Most elite marathon runners wear cushioned running shoes, but they still get injured, maybe not as much as recreational runners, but many elites do get injured, causing them to pull-out of major events. Because they are so well-conditioned, injuries at the elite level should be rare.
Elite runners, by in large, should not be getting injured, yet they do. You would think that the multi-billion dollar running shoe business would do a better job at preventing injury in recreational runners, and especially in elite runners. For instance, a few years ago, Kenenisa Bekele pulled out of the London Marathon because of an Achilles injury, an injury more prevalent in recreational runners. In the past, Tirunesh Dibaba missed at least 2 years battling shin splints, another injury common in recreational runners. So, why are these high-level runners vulnerable to the same injuries as ‘inexperienced’ joggers? The core answer could be shoe cushioning.
Could Cushioned Footwear Be the Reason Elite Runners Get Injured?
Because of their high conditioning level and exceptional biomechanics, you would think that elite runners are unbreakable, yet scientists and laypeople alike have historically attributed running injuries to poor biomechanics, poor muscle strength and inflexibility. One study shows that cushioned footwear are the main component of the problem.
In their study, Robbins et al. 1988 suggested the following:
“There is good reason to suspect that cushioned footwear that have pronation correction, rearfoot control, arch support and excessive cushioning are inadequate because there have been no data that directly supports their validity and various reports that are inconsistent with their predictions”.
“Highly protective footwear do not provide enhanced protection as evidence by the high incidence of running-related injuries associated with their use (1, 2).”
Based on their reasoning, could elite runners fare better and avoid injury if they wore minimalistic shoes, like the Vibram FiveFingers or the Vivobarefoot? No one knows this answer because it’s never been done before. However, many Ethiopian runners have ran marathons barefoot and won, which ironically coincides with the following excerpt:
“The paradoxically low incidence of similar injuries reported in barefoot populations implies that modern footwear may produce injuries that normally would not be present without their use (3).”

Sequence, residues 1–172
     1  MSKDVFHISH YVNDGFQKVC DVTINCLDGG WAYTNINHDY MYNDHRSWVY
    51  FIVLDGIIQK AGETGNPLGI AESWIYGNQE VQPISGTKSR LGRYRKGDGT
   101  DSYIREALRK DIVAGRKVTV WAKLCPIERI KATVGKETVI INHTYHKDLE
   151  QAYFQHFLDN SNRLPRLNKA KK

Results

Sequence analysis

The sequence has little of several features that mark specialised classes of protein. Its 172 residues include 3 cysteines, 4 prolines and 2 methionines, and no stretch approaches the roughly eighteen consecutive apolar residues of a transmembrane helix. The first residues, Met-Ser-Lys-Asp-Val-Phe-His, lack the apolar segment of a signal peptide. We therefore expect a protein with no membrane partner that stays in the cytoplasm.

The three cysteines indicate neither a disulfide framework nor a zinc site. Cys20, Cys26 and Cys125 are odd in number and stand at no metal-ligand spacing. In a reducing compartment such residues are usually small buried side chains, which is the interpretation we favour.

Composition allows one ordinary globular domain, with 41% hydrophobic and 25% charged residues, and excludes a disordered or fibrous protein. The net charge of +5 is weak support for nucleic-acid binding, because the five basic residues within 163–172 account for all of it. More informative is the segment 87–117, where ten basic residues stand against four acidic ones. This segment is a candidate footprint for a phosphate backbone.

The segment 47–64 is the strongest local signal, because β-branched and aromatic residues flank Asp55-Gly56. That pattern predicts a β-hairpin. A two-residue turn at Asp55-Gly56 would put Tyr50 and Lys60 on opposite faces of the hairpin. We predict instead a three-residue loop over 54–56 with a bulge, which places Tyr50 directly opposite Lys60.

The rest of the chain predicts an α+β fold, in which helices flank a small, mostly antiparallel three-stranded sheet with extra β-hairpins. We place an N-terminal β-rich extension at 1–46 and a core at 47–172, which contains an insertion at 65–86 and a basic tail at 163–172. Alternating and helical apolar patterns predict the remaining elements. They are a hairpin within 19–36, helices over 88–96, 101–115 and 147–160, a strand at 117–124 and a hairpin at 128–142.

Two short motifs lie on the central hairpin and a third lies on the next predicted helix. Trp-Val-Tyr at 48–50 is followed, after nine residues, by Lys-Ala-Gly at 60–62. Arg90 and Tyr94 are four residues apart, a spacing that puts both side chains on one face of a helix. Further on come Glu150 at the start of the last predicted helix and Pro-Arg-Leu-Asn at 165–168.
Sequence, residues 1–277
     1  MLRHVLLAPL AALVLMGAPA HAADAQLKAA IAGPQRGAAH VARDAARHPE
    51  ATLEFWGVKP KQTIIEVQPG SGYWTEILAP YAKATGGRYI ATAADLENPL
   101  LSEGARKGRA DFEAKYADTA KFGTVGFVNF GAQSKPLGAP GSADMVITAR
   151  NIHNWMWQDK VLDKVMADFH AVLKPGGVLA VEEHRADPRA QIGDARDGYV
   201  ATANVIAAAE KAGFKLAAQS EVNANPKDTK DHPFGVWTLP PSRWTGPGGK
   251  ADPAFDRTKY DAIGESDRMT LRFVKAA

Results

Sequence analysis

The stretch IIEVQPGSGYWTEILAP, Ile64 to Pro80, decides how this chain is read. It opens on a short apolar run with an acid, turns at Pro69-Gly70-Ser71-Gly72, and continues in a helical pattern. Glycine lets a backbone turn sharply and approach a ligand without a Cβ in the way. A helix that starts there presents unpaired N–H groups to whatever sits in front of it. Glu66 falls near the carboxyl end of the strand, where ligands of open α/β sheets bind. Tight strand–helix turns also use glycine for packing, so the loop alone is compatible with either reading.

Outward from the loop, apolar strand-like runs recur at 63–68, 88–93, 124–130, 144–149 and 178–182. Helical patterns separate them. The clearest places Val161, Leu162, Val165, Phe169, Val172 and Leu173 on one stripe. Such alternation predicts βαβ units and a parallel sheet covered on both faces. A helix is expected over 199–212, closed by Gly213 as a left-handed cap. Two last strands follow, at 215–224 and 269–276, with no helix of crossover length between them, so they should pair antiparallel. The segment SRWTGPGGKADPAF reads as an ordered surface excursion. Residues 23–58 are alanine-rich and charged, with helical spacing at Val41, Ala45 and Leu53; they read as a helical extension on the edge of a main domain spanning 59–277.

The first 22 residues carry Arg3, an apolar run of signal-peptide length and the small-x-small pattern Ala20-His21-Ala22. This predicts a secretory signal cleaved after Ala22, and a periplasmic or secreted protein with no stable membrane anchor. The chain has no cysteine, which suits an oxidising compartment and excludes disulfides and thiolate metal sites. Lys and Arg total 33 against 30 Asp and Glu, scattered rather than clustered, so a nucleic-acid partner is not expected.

Therefore, cushioned running shoes serve as a threat to any runner’s, elite or novice, performance because runners get injured wearing them, mainly because footwear completely interferes with our foot’s proprioceptive system –the body’s natural feedback control system where the nerves in the sole of the bare foot communicates to the brain to influence load magnitude and temporal loading during running. This feedback control system is the main safety-net that enables barefoot runners to run any distance without injury. Barefoot running should be universally recognized as the safest way to run since more and more researchers found evidence that running barefoot directly influences safer running mechanics as compared with running shoes.
Most of our landing behavior is based on how we process information from the ground and therefore how we perceive the ground. How we strike the ground with our feet depends heavily on very basic processes in the brain –our ancient instincts to avoid danger by inducing avoidance behavior based on the stimulation of noxious plantar skin sensations (4). Based on this fact alone, hopefully more coaches would be more willing to entertain the idea of less is more, including barefoot training.
Sure, all the of the world records were broken wearing athletic footwear, but much of the athlete’s journey involved some form of injury. Just imagine how much farther these runners, including ourselves, can run if we never incurred any injury?
More on the Benefits of Training Barefoot:
- Caspersen et al. The incidence of injuries and hazards in recreational and fitness runners. Med Sci Sports Exer, 1984, 16, 113.
- Powell et al. An epidemiological perspective on the causes of running injuries. Phys Sportsmed, 1986, 14, 100-14.
- Robbins et al. Running related injury prevention through barefoot adaptations. Med Sci Sports Exerc, 1987, 19, 148-56.
- Maimonides, M. The Guide of the Perplexed, Vol 2 (S. Pines translator). Chicago, IL. The University of Chicago Press, 1963, p. 465.
BSc Neurobiology; MSc Biomechanics candidate, ultra minimalist runner & founder of RunForefoot. I was a heel striker, always injured. I was inspired by the great Tirunesh Dibaba to try forefoot running. Now, I'm injury free. This is why I launched Run Forefoot, to advocate the health & performance benefits of forefoot running and to raise awareness on the dangers of heel striking, because the world needs to know.
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